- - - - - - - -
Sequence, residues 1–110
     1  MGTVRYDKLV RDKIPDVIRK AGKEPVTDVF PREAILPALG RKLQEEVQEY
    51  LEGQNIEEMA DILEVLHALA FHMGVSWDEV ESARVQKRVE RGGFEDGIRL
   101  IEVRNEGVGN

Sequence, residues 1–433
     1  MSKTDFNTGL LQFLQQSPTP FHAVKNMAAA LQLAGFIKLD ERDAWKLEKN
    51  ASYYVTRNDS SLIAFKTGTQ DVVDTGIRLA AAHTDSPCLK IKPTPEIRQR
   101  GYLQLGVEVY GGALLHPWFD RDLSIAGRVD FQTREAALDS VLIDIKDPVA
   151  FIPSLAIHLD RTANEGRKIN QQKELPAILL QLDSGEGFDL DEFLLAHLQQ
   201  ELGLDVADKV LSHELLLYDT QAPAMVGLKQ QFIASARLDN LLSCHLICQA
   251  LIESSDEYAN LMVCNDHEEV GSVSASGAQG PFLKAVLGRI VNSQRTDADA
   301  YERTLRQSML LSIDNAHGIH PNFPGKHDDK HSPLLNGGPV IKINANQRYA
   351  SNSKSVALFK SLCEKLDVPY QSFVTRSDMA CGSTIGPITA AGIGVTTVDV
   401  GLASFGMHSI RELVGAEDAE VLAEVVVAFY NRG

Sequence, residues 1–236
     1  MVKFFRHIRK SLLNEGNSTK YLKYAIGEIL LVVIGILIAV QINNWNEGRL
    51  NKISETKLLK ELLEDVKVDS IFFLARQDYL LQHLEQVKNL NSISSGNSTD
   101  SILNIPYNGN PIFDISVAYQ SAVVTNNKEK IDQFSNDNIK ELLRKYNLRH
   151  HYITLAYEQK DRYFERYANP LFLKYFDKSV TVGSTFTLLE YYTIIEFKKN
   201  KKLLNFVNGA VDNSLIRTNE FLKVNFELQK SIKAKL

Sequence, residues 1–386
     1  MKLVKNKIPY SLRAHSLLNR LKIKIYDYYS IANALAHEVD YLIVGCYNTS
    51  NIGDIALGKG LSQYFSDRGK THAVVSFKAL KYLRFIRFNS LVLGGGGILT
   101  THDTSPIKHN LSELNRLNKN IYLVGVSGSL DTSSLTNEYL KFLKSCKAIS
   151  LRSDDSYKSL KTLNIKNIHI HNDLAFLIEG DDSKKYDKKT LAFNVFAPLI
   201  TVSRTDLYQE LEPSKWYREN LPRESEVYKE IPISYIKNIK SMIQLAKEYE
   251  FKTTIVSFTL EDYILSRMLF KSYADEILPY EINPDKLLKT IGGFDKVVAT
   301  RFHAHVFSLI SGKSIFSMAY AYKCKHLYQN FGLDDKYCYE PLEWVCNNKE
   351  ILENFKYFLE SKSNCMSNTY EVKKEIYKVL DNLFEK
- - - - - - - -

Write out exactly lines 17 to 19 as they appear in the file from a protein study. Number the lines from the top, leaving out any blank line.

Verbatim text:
    51  NKISETKLLK ELLEDVKVDS IFFLARQDYL LQHLEQVKNL NSISSGNSTD
   101  SILNIPYNGN PIFDISVAYQ SAVVTNNKEK IDQFSNDNIK ELLRKYNLRH
   151  HYITLAYEQK DRYFERYANP LFLKYFDKSV TVGSTFTLLE YYTIIEFKKN